# Linear motion questions

• trollcast
In summary, for Problem A, the acceleration of the ball is -g while going up and +g while going down, and at max height it is either +g or -g depending on the interpretation of the upwards direction as positive. For Problem B, the distance from the initial position of A that the two cars meet can be calculated to be 1222.222... mm. Additionally, the acceleration of the ball remains -g after throwing and catching it.

Gold Member

## Homework Statement

Problem A:

A ball is thrown upwards and returns to the throwers hand.
Air resistance is ignored and the upwards direction is taken as positive.
Circle the correct values for the acceleration of the ball:

Going up : g / 0 / -g
At max height: g / 0 / -g
Going down: g / 0 / -g

Problem B:

2 model cars are at opposite ends of a 2000mm track.
When timing starts A is moving with a uniform velocity of 50mms-1 towards B.
B starts from rest when timing starts, then accelerates uniformly at 4mms-2 for 10s and then continues towards A with the uniform velocity it has reached.

Calculate the distance from the initial position of A the two cars meet.

## Homework Equations

Equations of Motion

## The Attempt at a Solution

Problem A:

On the way up the ball is moving in the opposite direction to the force of gravity so g will be -ve as the ball is deccelerating

Then on the way down the opposite is true so g will be +ve.

However at the max height I know the acceleration cannot be 0 as the ball is still being pulled by the force of gravity however I can't decide whether it would be +ve or -ve g.

I think it must be -ve as at the max height it then immediately starts moving downwards so it must have just experienced an acceleration to make it move downwards?

Or should that all be reversed because of the upwards is positive clause?

Problem B:

I calculated the distance traveled by both A and B during the first 10 seconds and got:

A travels 500mm
B travels 200mm

Then there is 1300mm of track left.

A is traveling at 50mms-1 as it is traveling at constant uniform velocity.
I then calculated that B is traveling at 40mms-1 in the opposite direction.

Then I looked at it from the point of view of A.

So A is traveling effectively at 90mms-1 over 1300mm to meet with B.

This then allows me to calculate that that time taken to cover this distance would be 24.444... seconds.

Then I add on the 10 seconds I used earlier.

And use s = 0.5 * (u + v) * t with the values for A to find a distance of 1222.222... mm away from A's starting point?

for problem A:

Ask your self if g represents gravitational acceleration has it changed at all after throwing the ball and then catching it?

jedishrfu said:
for problem A:

Ask your self if g represents gravitational acceleration has it changed at all after throwing the ball and then catching it?

So then the acceleration would be -g in all cases as the acceleration vector would be downwards in all cases and its been specified that upwards is positive?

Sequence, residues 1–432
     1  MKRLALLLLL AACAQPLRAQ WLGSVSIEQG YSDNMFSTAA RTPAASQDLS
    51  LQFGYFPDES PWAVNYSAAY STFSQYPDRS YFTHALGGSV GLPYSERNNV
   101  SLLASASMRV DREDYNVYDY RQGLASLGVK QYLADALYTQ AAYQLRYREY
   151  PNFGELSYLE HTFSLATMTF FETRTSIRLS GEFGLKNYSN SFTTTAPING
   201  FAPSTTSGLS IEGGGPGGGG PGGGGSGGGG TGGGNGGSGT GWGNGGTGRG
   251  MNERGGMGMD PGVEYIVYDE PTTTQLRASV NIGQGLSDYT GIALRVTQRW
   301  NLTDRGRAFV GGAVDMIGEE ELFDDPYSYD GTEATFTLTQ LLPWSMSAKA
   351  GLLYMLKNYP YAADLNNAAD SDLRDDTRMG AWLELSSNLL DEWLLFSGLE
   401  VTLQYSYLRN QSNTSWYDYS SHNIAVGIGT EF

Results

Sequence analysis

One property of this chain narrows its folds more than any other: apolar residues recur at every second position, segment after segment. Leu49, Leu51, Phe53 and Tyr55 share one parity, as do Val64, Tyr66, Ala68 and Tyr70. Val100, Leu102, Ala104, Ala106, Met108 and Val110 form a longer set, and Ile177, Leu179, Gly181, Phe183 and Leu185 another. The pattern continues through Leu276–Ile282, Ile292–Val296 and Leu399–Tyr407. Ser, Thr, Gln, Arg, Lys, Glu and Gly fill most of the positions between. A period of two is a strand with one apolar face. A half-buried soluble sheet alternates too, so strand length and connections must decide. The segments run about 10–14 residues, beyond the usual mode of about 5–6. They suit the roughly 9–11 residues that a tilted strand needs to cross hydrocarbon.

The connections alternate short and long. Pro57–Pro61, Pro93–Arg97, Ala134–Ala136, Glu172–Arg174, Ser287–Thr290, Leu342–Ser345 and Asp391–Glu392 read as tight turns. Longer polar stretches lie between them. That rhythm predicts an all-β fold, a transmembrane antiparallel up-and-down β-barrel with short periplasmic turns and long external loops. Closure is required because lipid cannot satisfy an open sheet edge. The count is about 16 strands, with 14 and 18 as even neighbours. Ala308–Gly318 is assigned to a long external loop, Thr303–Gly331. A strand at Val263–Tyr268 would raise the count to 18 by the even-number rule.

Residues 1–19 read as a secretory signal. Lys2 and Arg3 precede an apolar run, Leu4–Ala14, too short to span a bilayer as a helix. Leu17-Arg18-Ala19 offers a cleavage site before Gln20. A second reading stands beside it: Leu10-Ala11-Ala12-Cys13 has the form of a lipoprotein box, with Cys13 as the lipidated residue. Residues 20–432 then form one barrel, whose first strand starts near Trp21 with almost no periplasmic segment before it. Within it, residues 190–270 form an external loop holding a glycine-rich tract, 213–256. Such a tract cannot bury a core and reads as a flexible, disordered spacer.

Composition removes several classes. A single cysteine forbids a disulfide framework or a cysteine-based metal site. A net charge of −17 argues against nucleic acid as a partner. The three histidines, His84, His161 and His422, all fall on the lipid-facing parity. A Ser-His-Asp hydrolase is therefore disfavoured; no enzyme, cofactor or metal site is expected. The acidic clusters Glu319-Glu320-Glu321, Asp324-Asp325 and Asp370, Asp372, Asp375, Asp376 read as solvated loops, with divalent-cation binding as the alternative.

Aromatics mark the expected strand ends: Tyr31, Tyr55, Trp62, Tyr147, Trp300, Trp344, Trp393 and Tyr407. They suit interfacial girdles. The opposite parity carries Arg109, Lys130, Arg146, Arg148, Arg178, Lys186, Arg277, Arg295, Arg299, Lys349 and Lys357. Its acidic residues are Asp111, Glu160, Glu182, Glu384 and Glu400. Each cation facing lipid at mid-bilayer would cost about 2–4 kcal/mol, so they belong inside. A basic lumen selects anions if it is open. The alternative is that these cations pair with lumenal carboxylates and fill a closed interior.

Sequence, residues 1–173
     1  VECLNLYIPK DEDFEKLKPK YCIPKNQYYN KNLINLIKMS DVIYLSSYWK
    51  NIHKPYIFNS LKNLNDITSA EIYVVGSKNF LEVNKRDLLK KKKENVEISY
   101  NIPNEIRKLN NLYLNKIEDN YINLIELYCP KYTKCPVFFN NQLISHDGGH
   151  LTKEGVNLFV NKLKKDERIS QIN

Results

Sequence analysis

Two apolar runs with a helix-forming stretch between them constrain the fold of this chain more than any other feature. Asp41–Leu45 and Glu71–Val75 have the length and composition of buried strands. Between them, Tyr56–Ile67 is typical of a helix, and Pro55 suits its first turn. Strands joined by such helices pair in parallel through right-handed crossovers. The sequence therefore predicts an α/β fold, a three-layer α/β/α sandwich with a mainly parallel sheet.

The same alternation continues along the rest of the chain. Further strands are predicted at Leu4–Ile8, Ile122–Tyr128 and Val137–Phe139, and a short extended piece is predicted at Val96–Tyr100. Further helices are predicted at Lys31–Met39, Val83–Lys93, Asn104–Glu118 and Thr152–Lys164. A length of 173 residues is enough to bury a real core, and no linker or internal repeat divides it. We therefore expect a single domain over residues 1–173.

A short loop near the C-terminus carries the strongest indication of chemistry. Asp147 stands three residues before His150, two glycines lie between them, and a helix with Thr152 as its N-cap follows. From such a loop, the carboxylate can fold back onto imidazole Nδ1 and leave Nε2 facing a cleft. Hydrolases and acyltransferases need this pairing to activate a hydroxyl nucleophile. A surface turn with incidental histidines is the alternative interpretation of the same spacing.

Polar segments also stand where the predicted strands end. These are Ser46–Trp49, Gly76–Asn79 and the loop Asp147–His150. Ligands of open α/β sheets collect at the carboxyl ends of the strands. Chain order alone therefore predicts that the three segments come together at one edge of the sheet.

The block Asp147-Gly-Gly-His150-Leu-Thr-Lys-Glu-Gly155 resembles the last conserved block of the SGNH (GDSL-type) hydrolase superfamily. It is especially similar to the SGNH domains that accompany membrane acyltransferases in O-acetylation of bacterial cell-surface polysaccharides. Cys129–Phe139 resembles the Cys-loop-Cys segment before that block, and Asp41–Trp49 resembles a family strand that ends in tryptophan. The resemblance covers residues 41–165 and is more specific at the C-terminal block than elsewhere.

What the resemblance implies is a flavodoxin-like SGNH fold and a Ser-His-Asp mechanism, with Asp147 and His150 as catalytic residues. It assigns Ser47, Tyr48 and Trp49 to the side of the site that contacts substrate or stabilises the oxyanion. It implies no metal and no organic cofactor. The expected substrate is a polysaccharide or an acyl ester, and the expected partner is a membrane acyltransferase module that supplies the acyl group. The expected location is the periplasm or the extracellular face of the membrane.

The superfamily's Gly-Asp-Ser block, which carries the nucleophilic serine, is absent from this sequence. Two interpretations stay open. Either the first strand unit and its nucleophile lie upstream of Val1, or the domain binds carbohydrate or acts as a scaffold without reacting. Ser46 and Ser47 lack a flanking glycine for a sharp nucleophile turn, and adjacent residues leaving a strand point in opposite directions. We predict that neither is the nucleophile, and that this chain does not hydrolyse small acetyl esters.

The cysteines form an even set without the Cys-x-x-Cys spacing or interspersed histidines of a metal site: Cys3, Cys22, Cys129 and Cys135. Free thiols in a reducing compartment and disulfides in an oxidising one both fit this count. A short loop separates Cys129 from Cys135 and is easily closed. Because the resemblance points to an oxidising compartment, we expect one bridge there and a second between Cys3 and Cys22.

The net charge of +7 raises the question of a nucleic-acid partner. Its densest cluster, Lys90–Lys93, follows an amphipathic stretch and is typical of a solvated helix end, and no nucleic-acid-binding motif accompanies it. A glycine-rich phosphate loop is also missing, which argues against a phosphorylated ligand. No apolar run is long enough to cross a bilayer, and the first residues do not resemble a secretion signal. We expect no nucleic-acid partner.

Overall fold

trollcast said:
So then the acceleration would be -g in all cases as the acceleration vector would be downwards in all cases and its been specified that upwards is positive?
that would be a yes

For Problem A, you are correct in your reasoning. At the max height, the acceleration of the ball would be -9.8m/s^2 (assuming standard gravitational acceleration on Earth). This is because at the max height, the ball has reached its peak and is about to start moving downwards, so it is experiencing a negative acceleration due to gravity.

As for the rest of the problem, your calculations and reasoning seem correct. You are correct in using the equation s = 0.5 * (u + v) * t to find the distance from A's initial position. However, you may want to double check your calculation for the time taken to cover the remaining distance. Overall, your approach to solving the problem is correct and shows a good understanding of the equations of motion.

## 1. What is linear motion?

Linear motion is the movement of an object in a straight line, as opposed to a rotational or curved motion.

## 2. What are the basic principles of linear motion?

The basic principles of linear motion include Newton's first law of motion (inertia), Newton's second law of motion (force and acceleration), and Newton's third law of motion (action and reaction).

## 3. What is the difference between linear motion and rectilinear motion?

Linear motion refers to the movement of an object in a straight line, while rectilinear motion refers to the movement of an object along a straight path but with changing velocity and/or direction.

## 4. How is linear motion measured?

Linear motion is typically measured in terms of distance traveled over time, using units such as meters per second or feet per second.

## 5. What are some real-life examples of linear motion?

Some common examples of linear motion include throwing a ball, riding a bicycle, and driving a car in a straight line.